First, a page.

We need to completely rewrite the textbooks on how to teach teachers

Monday, September 10th, 2018

We need to completely rewrite the textbooks on how to teach teachers:

That’s according to a new report just published by the National Council on Teacher Quality. The report describes a vast and severe failure of teacher-training courses and the textbooks that accompany them to convey evidence-based practices; while delivering unsupported anecdotal evidence and well-debunked myths in spades. The report is accompanied by a letter of support signed by an assortment of professors of psychology and learning sciences from universities around the world.

The report finds that out of 48 texts used in teacher-training programs none accurately described fundamental evidence-based teaching strategies comprehensively. Only 15 percent had more than a single page devoted to evidence-based practices; the remainder contained either zero or only a few sentences on methods that have been backed up by the decades of scientific findings that exist in the field of educational psychology.

Missing from these textbooks were detailed explanations of six core strategies that have been found to be backed by evidence, which every teacher should know and use. The strategies aren’t new; they were identified by the Institute of Education Sciences, the research arm of the U.S. Department of Education, as being the most effective techniques in all classrooms regardless of age or subject in guidance released in 2007.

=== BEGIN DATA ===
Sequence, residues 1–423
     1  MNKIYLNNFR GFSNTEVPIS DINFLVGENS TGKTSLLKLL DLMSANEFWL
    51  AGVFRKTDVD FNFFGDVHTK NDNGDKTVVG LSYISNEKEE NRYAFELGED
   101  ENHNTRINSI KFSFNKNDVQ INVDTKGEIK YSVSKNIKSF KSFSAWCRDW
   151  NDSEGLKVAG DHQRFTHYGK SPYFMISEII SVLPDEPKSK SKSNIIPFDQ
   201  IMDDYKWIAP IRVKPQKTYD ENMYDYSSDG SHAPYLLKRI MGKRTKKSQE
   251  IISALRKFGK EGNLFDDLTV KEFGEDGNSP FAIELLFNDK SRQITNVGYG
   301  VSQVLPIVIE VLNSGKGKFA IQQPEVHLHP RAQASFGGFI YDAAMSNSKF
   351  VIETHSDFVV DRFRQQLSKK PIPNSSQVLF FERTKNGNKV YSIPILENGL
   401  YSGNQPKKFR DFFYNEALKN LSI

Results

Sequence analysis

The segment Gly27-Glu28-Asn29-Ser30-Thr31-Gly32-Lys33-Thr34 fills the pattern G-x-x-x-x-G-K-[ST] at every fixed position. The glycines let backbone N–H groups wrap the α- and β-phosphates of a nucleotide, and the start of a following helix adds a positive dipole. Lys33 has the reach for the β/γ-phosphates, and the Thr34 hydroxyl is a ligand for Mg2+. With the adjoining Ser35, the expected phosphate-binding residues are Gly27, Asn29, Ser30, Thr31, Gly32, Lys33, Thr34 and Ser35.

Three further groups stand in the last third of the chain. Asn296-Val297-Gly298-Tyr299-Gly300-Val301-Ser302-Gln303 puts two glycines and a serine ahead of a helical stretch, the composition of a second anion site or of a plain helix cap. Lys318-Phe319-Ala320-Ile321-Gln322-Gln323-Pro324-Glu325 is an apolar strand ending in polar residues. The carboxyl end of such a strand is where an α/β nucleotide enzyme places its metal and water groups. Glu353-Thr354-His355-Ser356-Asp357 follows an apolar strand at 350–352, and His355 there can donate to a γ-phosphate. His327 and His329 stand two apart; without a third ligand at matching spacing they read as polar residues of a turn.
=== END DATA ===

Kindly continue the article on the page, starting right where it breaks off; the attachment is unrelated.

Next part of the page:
Six Core Strategies Identified by Institute of Education Sciences


  1. Albion says:

    As someone who has taught, albeit in a limited capacity, I would say that the feeling when you are taught to teach is that you — like the students — have to learn what to do. Perhaps with good reason, because it is important to find out what the students are really like, and theory however well presented cannot prepare you for reality.

    So the bad manners, the (supposedly) smart answers, the lack of willingness to learn anything, the time-wasting and the general mayhem are the reality. No amount of advice can help you when you get on the chalk face; you have to deal with what is in front of you and get to grips quickly with it all. Some students are great, most are okay, some are anonymous, and several are utterly dreadful. And yes, you are on your own.